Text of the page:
Most people are on an introvert-extrovert spectrum. Introversion tends to be characterized as feeling more comfortable and capable in quitter and less-stimulated environments. Extroverts on the other hand thrive in socially stimulating environments and get energy from being around others.
Letting Your Work Shine
It’s easy for introverts to be overlooked in the workplace.
Outgoing, energetic extroverts can outshine their introverted co-workers. They may be considered for promotions, particularly leadership roles, even though introverts are perfectly capable of being successful in those same roles. The person who speaks more in meetings, is telling great stories in the lunchroom, and walking around the office confidently and socially can be perceived as more intelligent, more capable, and more of a leader.
This perception can also affect one’s self-esteem. By looking at the charismatic leader, introverts may deem themselves as inferior, being unable to imagine themselves in a leadership role. This in turns can sap a person’s confidence and hold them back.
WFH has in effect clipped the wings of the social butterfly
WFH has in effect clipped the wings of the social butterfly, allowing everyone to be on the same playing field, and having one’s work and contribution speak for them. In the absence of a room of people, the extrovert has no more perceived advantages. Sometimes a person’s charm, charisma, and social skills can even mask deficiencies in their work quality or output.
With more meetings taking place virtually, shy and quite types can become more involved in those meetings, which they may not have felt comfortable doing in the past.
Public speaking for introverts can be terrifying, especially when presenting an opinion or idea, inviting opposition to swat it down. Instead of being intimidated to speak up, introverts can take a moment to craft thoughtful statements or pitch ideas without fear of being directly challenged. By having more text-based discussions, introverts can hide their nerves, anxiety, and being frazzled since nobody is staring at them, waiting for a quick-witted response. They can take a moment, breathe, and type.
This is not just true for group meetings, but also one-on-one interactions. Without being face-to-face, an introvert may feel more at ease and have less social anxiety. They can set aside that part of their brain that would otherwise be occupied by how they look or how awkward they’re coming across, and instead focus more on the meeting.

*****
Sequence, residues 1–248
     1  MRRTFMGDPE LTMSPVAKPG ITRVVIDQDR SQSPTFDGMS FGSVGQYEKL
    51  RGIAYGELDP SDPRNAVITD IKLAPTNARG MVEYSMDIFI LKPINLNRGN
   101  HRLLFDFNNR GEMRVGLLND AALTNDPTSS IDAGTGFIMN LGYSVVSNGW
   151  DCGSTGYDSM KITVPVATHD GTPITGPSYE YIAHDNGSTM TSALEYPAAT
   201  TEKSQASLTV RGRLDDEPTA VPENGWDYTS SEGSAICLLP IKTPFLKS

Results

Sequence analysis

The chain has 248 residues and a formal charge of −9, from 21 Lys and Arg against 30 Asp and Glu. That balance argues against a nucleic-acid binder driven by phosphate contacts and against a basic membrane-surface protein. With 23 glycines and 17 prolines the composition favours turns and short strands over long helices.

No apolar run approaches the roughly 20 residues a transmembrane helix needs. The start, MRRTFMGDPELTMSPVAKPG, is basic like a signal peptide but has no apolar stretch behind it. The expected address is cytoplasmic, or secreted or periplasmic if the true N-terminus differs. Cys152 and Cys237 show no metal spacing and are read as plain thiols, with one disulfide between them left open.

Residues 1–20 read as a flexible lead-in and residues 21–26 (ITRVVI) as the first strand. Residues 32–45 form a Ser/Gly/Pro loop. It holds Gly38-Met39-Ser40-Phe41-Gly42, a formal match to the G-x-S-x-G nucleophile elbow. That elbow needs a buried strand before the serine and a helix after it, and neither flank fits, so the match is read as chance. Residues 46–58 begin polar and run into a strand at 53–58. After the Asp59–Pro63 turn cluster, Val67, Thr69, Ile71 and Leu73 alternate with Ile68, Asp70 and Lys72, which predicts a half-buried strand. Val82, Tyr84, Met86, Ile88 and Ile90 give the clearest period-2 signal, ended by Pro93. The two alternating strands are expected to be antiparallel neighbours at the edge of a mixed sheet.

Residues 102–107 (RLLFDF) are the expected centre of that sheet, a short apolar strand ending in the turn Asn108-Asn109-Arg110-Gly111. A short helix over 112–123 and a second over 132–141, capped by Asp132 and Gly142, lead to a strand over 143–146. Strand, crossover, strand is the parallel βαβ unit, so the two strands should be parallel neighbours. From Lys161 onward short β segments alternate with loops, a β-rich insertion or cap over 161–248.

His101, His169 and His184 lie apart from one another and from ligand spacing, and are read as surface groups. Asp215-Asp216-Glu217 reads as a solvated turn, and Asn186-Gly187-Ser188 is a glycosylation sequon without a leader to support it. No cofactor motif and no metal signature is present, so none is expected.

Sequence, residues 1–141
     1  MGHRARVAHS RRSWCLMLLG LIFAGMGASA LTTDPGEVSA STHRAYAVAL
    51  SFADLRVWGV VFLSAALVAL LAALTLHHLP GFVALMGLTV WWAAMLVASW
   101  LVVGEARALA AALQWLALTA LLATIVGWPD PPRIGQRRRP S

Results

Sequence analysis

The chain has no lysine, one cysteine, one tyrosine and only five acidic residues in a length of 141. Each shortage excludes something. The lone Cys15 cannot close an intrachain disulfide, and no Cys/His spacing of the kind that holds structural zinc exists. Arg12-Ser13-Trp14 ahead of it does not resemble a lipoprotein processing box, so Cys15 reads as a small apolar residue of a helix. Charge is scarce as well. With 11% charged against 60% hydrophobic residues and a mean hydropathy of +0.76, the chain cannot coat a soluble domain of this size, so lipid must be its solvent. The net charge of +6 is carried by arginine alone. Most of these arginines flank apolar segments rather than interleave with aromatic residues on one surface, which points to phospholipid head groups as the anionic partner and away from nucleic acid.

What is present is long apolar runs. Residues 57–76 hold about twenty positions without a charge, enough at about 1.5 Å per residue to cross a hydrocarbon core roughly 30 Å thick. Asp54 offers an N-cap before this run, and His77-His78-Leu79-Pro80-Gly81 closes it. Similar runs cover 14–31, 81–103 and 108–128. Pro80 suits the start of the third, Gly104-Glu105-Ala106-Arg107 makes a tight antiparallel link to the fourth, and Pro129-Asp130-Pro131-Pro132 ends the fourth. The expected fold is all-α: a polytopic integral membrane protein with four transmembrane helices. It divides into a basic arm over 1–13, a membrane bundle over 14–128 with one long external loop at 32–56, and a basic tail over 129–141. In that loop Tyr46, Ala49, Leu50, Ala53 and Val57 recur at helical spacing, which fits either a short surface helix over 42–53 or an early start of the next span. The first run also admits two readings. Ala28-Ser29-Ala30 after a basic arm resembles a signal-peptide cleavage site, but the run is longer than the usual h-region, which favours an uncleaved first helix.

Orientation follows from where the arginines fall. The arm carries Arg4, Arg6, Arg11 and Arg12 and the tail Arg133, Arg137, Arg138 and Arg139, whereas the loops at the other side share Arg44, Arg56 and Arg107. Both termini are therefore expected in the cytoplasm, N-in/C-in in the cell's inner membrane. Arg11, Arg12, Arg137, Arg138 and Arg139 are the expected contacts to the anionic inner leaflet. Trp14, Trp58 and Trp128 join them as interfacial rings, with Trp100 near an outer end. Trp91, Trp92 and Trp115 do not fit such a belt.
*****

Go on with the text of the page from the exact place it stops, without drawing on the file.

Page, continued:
Being an Introvert Doesn’t Make You a Bad Leader
Some of the most successful CEOs and founders are introverts. Bill Gates, Elon Musk, and Warren Buffet come to mind.
Author and Wharton School of Business professor, Adam Grant, discusses introverted leaders. According to his research, he found introverted leaders to be highly effective because they are more likely to listen to their employee’s ideas without feeling threatened. This allows employees to feel valued and heard, rather than dismissed and devalued.
However, Grant goes on to state that success of an introverted leader depends on the kinds of employees they have, particularly proactive employees who are able to go off on their own and don’t require an energetic rally to get them motivated and excited.
Introverts may even look at extroverts thriving in the workplace and try to mimic them. However, an introvert trying to force themselves to become more extroverted usually doesn’t work. They can develop more social skills, become more comfortable in meetings, but that doesn’t mean they need to become an extrovert to be a good leader.
Fortress of Solitude
There is a power in working alone without the distractions of a bustling workplace.
According to Susan Cain, author of Quiet: The Power of Introverts in a World That Can’t Stop Talking, some of the most religious leaders throughout history – Moses, Jesus, Buddha, Mohammad – were solo seekers, often going off on their own in the wilderness to to do quite contemplation. Once they obtain some transcendent epiphany or profound revelation, they then bring those ideas back to the community.
Cain goes on to say, “the key for us to maximize our talents is to put ourselves in the zone of stimulation that is right for us.”
Being the New Person in the Office
Whenever you start at a new company, there’s that moment when you walk through the door for the first time and are met with dozens of eyes — some judging, some welcoming, and others just eager to meet you. For many introverts, this can be an incredibly uncomfortable experience that can persist for weeks, months, or even longer.
As you meet new faces around the office, there may be an expectation that you have to be ‘on’ to be likable. After all, this is a co-worker’s first impression of you and could set the tone for how you are forever perceived. When you’d rather eat alone than in a large group, it can be intimidating for the new person.
If you’ve changed jobs during the Covid 19 pandemic, many of these anxiety inducing situations don’t exist. You can take your time and settle into a new job. You may have to introduce yourself through a company-wide email, or on a Teams meeting, but you will not be required to stand around a water cooler and make small talk.
WFH may be the best thing to happen to introverts in the workplace
WFH may be the best thing to happen to introverts in the workplace. Being alone and away from a busy office can give an introvert the energy they need to be hyper-focused and excel. As more and more companies like Google and Microsoft are embracing this new work-from-home culture, this may finally allow introverts their opportunity to shine.